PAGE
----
Making the diagnosis of TOS even more difficult is that a number of disorders feature symptoms similar to those of TOS, including rotator cuff injuries, cervical disc disorders, fibromyalgia, multiple sclerosis, complex regional pain syndrome, and tumors of the syrinx or spinal cord. The disorder can sometimes be diagnosed in a physical exam by tenderness in the supraclavicular area, weakness and/or a "pins and needles" feeling when elevating the hands, weakness in the fifth ("little") finger, and paleness in the palm of one or both hands when the individual raises them above the shoulders, with the fingers pointing to the ceiling. Symptoms of TOS vary depending on the type. Forum Actions:

Tourette syndrome (TS) is a neurological disorder characterized by repetitive, stereotyped, involuntary movements and vocalizations called tics. The disorder is named for Dr. Georges Gilles de la Tourette, the pioneering French neurologist who in 1885 first described the condition in an 86-year-old French noblewoman.

The early symptoms of TS are typically noticed first in childhood, with the average onset between the ages of 3 and 9 years. TS occurs in people from all ethnic groups; males are affected about three to four times more often than females. It is estimated that 200,000 Americans have the most severe form of TS, and as many as one in 100 exhibit milder and less complex symptoms such as chronic motor or vocal tics. Although TS can be a chronic condition with symptoms lasting a lifetime, most people with the condition experience their worst tic symptoms in their early teens, with improvement occurring in the late teens and continuing into adulthood. Only 6-14% of people with tourette syndrome experience coprolalia. Forum Actions:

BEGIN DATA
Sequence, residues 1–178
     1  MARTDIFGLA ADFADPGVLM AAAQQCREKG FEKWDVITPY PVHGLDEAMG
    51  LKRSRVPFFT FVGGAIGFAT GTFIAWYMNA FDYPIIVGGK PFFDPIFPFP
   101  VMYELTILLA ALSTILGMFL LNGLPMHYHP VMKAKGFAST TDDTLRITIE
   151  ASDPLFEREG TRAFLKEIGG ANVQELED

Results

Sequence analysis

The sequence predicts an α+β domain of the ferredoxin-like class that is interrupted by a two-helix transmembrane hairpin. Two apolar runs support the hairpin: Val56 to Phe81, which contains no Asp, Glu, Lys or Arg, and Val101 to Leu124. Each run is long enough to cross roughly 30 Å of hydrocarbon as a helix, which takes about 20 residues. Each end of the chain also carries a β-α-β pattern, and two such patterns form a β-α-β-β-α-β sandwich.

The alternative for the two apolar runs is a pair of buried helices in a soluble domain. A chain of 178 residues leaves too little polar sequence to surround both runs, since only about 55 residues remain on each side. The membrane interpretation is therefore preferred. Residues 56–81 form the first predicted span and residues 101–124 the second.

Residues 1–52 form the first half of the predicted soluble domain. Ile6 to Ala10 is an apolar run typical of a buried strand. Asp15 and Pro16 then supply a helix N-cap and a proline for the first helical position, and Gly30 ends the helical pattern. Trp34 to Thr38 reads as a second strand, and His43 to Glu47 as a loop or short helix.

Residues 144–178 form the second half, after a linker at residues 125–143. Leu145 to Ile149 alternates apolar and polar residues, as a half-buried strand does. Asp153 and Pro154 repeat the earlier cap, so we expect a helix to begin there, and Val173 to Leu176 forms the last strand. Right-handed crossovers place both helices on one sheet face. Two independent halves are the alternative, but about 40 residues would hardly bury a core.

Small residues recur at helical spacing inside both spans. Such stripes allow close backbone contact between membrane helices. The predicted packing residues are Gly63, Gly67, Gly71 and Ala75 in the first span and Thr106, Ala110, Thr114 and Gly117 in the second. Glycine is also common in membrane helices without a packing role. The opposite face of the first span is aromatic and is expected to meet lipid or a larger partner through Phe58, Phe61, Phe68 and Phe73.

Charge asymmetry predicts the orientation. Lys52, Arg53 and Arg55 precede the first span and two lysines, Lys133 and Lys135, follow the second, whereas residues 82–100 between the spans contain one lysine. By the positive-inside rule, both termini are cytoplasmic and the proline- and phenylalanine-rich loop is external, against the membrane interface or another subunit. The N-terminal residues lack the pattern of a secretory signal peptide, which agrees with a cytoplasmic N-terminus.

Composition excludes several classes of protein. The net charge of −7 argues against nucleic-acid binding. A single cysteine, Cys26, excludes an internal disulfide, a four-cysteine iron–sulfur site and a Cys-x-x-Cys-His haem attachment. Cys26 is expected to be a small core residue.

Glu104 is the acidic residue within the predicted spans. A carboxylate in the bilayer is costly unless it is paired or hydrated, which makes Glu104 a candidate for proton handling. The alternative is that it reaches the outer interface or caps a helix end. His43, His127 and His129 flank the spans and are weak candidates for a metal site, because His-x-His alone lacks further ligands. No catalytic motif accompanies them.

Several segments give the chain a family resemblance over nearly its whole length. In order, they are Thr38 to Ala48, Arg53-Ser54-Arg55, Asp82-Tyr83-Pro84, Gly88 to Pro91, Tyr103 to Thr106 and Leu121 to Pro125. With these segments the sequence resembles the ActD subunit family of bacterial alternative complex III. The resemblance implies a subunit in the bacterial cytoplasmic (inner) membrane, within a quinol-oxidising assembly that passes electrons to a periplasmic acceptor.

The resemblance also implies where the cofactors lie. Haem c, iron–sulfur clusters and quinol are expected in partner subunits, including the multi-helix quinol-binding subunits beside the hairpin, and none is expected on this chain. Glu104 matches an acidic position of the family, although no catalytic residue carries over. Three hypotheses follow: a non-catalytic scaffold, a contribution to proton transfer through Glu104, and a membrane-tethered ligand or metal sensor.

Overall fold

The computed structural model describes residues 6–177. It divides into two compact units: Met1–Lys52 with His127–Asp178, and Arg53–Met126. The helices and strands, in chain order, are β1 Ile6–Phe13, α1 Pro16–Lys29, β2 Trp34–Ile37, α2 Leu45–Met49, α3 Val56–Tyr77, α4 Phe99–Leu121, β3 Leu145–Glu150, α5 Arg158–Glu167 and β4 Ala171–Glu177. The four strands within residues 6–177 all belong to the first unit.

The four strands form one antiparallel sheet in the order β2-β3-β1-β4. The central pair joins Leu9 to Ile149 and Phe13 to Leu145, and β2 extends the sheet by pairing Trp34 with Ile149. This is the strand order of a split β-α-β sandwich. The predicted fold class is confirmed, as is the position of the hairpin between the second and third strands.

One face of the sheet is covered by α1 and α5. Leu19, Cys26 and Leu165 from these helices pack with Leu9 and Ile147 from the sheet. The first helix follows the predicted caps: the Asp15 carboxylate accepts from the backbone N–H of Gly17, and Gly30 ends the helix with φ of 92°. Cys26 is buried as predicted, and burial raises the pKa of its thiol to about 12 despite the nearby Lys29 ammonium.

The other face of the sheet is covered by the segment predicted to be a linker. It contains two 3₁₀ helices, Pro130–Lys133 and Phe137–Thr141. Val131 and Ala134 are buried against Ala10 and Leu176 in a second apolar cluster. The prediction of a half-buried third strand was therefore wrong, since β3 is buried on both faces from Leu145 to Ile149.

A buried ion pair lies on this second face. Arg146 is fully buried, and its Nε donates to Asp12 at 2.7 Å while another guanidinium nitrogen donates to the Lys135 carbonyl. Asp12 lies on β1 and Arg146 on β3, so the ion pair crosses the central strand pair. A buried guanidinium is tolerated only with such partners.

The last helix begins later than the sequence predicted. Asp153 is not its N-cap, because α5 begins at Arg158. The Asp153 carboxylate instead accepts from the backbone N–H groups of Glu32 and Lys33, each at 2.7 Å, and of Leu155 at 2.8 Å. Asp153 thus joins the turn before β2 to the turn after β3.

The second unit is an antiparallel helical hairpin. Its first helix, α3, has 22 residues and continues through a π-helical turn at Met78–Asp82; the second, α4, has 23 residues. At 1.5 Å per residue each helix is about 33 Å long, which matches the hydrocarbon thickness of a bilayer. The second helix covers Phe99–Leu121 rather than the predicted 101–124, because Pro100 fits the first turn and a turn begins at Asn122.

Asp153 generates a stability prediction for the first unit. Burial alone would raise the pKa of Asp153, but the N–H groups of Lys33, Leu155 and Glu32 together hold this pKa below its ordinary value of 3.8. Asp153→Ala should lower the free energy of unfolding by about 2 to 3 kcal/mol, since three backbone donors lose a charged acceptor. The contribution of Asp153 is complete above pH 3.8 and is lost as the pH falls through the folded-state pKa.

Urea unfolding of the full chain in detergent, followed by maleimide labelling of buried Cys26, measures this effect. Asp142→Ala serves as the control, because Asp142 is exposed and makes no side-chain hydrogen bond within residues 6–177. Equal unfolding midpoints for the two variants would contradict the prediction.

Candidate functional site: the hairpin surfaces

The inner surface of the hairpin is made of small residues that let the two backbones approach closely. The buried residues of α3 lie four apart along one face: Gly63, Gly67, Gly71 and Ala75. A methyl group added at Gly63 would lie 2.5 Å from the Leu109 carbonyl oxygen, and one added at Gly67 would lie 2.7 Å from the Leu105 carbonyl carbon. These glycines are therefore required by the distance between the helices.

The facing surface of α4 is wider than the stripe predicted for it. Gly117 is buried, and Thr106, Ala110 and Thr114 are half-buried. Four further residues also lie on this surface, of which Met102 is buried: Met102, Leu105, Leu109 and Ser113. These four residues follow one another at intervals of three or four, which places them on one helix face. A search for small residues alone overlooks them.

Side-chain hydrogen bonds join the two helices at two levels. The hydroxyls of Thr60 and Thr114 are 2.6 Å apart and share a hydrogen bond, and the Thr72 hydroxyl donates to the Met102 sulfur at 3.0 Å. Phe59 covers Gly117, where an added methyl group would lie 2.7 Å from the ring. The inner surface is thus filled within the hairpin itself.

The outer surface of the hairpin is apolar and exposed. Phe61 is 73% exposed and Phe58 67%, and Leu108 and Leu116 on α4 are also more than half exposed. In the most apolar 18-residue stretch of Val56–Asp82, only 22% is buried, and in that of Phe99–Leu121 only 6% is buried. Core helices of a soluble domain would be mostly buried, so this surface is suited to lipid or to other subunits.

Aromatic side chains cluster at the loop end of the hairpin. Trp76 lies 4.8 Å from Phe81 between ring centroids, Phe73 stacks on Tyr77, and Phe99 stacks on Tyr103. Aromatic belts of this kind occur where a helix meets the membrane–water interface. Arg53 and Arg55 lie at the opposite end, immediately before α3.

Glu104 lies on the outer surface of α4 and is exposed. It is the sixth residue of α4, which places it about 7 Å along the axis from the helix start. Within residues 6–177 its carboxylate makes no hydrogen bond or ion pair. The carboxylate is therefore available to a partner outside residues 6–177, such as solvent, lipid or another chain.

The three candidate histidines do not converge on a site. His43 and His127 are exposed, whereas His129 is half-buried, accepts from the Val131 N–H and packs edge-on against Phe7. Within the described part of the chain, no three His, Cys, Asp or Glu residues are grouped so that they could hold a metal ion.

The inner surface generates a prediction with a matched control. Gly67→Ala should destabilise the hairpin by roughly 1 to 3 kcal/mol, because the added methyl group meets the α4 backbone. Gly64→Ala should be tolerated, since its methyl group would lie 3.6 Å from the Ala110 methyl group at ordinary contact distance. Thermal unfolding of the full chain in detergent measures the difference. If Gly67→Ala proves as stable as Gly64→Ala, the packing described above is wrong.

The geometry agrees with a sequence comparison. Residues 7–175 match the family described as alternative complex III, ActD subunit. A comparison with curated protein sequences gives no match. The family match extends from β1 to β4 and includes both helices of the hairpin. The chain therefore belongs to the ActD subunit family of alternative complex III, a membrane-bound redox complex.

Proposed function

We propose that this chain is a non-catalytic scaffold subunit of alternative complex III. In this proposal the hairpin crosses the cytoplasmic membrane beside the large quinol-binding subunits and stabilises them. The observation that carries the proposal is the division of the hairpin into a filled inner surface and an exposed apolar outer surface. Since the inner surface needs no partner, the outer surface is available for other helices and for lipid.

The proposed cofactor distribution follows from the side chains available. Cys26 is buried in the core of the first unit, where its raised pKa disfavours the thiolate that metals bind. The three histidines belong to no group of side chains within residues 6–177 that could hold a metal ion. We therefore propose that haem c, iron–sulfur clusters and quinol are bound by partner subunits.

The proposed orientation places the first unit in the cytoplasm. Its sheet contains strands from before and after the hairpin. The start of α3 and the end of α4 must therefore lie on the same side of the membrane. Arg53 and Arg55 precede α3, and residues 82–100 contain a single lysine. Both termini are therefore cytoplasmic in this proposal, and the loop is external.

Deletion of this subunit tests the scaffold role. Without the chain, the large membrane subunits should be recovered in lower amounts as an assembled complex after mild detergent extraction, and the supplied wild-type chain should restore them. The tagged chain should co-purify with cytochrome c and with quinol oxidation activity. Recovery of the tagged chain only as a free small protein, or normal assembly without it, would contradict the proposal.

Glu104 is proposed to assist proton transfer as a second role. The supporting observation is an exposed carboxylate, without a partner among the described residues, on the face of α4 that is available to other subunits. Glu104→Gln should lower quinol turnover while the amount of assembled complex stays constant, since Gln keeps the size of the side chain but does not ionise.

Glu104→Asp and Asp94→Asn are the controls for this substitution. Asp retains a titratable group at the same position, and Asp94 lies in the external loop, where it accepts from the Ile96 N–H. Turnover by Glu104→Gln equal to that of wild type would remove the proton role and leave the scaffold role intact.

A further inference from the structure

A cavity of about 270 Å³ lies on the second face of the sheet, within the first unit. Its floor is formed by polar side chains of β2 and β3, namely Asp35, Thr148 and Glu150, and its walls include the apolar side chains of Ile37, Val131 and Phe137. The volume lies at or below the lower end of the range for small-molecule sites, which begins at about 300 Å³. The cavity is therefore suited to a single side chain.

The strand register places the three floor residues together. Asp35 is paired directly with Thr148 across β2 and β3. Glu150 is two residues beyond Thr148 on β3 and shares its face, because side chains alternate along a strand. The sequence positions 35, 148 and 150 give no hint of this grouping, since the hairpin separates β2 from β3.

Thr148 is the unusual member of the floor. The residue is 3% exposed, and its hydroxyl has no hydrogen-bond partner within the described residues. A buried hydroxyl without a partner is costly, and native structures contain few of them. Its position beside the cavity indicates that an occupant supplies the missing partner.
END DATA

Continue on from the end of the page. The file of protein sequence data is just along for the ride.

Traumatic brain injury (TBI), a form of acquired brain injury, occurs when a sudden trauma causes damage to the brain. TBI can result when the head suddenly and violently hits an object, or when an object pierces the skull and enters brain tissue. Symptoms of a TBI can be mild, moderate, or severe, depending on the extent of the damage to the brain. A person with a mild TBI may remain conscious or may experience a loss of consciousness for a few seconds or minutes. Other symptoms of mild TBI include headache, confusion, lightheadedness, dizziness, blurred vision or tired eyes, ringing in the ears, bad taste in the mouth, fatigue or lethargy, a change in sleep patterns, behavioral or mood changes, and trouble with memory, concentration, attention, or thinking. A person with a moderate or severe TBI may show these same symptoms, but may also have a headache that gets worse or does not go away, repeated vomiting or nausea, convulsions or seizures, an inability to awaken from sleep, dilation of one or both pupils of the eyes, slurred speech, weakness or numbness in the extremities, loss of coordination, and increased confusion, restlessness, or agitation. Forum Actions: